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Is there something special about face perception?

Is there something special about face perception?

Is there something special about face perception?
Is there something special about face perception? *Need to include two more sources/peer reviewed articles along with the two I’ve attached!!!*

Here is a link of the experiment that was run by the class:


Details about the instructions given in the link and how to complete the experiment also needs to be included in this lab report.

*Need to be able to write in statistical format*

Task switching Stephen Monsell

School of Psychology University of Exeter, Exeter, EX4 4QG, UK

Everyday life requires frequent shifts between cognitive tasks. Research reviewed in this article probes the con- trol processes that reconfigure mental resources for a change of task by requiring subjects to switch fre- quently among a small set of simple tasks. Subjects’ responses are substantially slower and, usually, more error-prone immediately after a task switch. This ‘switch cost’ is reduced, but not eliminated, by an opportunity for preparation. It seems to result from both transient and long-term carry-over of ‘task-set’ activation and inhibition as well as time consumed by task-set reconfiguration processes. Neuroimaging studies of task switching have revealed extra activation in numerous brain regions when subjects prepare to change tasks and when they perform a changed task, but we cannot yet separate ‘controlling’ from ‘con- trolled’ regions.

A professor sits at a computer, attempting to write a paper. The phone rings, he answers. It’s an administrator, demanding a completed ‘module review form’. The pro- fessor sighs, thinks for a moment, scans the desk for the form, locates it, picks it up and walks down the hall to the administrator’s office, exchanging greetings with a col- league on the way. Each cognitive task in this quotidian sequence – sentence-composing, phone-answering, con- versation, episodic retrieval, visual search, reaching and grasping, navigation, social exchange – requires an appropriate configuration of mental resources, a pro- cedural ‘schema’ [1] or ‘task-set’ [2]. The task performed at each point is triggered partly by external stimuli (the phone’s ring and the located form). But each stimulus affords alternative tasks: the form could also be thrown in the bin or made into a paper plane. We exercise intentional ‘executive’ control to select and implement the task-set, or the combination of task-sets, that are appropriate to our dominant goals [3], resisting temptations to satisfy other goals.

Goals and tasks can be described at multiple grains or levels of abstraction [4]: the same action can be described as both ‘putting a piece of toast in one’s mouth’ and ‘maintaining an adequate supply of nutrients’. I focus here on the relatively microscopic level, at which a ‘task’ consists of producing an appropriate action (e.g. conveying to mouth) in response to a stimulus (e.g. toast in a particular context). One question is: how are appropriate task-sets selected and implemented? Another is: to what extent can we enable a changed task-set in advance of the relevant stimulus – as suggested by the term ‘set’?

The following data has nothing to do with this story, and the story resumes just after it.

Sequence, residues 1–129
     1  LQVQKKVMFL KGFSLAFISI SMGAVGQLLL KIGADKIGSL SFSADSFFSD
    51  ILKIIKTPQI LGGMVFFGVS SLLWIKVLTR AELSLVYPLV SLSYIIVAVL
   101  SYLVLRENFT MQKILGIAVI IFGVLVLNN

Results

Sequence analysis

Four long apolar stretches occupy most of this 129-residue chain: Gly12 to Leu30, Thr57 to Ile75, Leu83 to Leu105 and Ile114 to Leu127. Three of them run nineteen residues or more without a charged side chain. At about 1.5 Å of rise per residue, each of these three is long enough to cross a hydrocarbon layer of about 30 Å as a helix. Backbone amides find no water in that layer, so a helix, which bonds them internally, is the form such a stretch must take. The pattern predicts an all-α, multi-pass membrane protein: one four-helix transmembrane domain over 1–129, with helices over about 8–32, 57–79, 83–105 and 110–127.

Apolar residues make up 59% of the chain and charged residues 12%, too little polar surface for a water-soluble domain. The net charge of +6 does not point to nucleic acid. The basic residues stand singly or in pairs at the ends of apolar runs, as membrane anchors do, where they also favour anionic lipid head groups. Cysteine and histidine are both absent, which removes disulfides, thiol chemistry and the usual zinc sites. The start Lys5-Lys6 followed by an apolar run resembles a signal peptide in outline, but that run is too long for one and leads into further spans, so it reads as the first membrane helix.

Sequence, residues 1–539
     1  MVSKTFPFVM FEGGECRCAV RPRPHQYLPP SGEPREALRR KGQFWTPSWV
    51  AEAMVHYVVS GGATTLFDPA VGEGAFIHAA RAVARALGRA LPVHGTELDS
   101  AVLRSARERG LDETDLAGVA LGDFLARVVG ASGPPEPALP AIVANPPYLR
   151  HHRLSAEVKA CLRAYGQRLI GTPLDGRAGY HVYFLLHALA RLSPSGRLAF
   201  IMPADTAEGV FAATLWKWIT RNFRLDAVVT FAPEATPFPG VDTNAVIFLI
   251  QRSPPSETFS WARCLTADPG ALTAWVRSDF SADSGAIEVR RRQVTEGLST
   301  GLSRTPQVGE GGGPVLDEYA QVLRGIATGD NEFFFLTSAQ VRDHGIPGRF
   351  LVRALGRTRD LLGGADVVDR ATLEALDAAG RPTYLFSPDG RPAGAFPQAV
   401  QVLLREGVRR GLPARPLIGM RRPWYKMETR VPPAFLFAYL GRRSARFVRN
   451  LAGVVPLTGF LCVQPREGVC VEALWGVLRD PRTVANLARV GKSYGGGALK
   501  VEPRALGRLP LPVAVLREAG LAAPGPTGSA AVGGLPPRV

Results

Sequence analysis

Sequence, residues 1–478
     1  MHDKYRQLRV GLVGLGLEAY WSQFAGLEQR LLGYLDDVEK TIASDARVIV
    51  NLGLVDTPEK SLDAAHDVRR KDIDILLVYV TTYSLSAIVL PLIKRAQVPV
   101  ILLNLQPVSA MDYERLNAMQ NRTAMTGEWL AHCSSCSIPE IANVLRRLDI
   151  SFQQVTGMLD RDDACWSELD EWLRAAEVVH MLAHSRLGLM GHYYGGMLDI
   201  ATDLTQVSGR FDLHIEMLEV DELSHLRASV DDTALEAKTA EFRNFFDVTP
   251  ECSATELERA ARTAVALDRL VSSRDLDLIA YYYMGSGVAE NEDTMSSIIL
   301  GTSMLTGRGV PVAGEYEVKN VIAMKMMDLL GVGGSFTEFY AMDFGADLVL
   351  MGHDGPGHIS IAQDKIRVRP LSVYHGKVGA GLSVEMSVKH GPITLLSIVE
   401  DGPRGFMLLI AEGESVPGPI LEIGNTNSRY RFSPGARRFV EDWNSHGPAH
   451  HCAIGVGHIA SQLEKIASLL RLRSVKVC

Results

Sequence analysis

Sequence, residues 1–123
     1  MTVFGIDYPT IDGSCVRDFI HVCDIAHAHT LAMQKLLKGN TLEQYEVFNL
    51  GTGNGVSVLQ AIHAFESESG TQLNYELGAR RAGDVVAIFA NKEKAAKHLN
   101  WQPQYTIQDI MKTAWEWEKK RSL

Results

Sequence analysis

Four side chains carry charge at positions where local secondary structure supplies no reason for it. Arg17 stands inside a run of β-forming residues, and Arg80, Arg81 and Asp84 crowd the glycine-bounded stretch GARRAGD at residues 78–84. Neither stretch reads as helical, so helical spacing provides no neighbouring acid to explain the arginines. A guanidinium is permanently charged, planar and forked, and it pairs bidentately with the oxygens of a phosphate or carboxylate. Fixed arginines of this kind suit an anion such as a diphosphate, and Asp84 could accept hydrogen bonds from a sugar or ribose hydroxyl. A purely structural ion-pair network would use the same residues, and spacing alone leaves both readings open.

Introspection indicates that we can, for example, set ourselves appropriately to name a pictured object aloud without knowing what object we are about to see. When an object then appears, it is identified, its name is retrieved and speech emerges without a further ‘act of intention’: the sequence of processes unfolds as a ‘prepared reflex’ [5,6].

Many task-sets, which were initially acquired through instruction or trial and error, are stored in our memories. The more we practice a task, or the more recently we have practised it, the easier it becomes to re-enable that task- set. At the same time, in the absence of any particular intention, stimuli we happen to encounter evoke ten- dencies to perform tasks that are habitually associated with them: we unintentionally read the text on cereal packages or retrieve the names of people we pass in the street. More inconveniently, stimuli evoke the tendency to perform tasks habitually associated with them despite a contrary intention. The standard laboratory example of this is the Stroop effect [7]: we have difficulty suppressing the reading of a colour name when required to name the conflicting colour in which it is printed (e.g. ‘RED’ printed in blue). Brain damage can exacerbate the problem, as in ‘utilization behaviour’, which is a tendency of some patients with frontal-lobe damage to perform the actions afforded by everyday instruments, such as matches, scissors and handles, even when these actions are contextually inappropriate [8].

Hence the cognitive task we perform at each moment, and the efficacy with which we perform it, results from a complex interplay of deliberate intentions that are governed by goals (‘endogenous’ control) and the avail- ability, frequency and recency of the alternative tasks afforded by the stimulus and its context (‘exogenous’ influences). Effective cognition requires a delicate, ‘just- enough’ calibration of endogenous control [9] that is sufficient to protect an ongoing task from disruption (e.g. not looking up at every movement in the visual field), but does not compromise the flexibility that allows the rapid execution of other tasks when appropriate (e.g. when the moving object is a sabre-toothed tiger).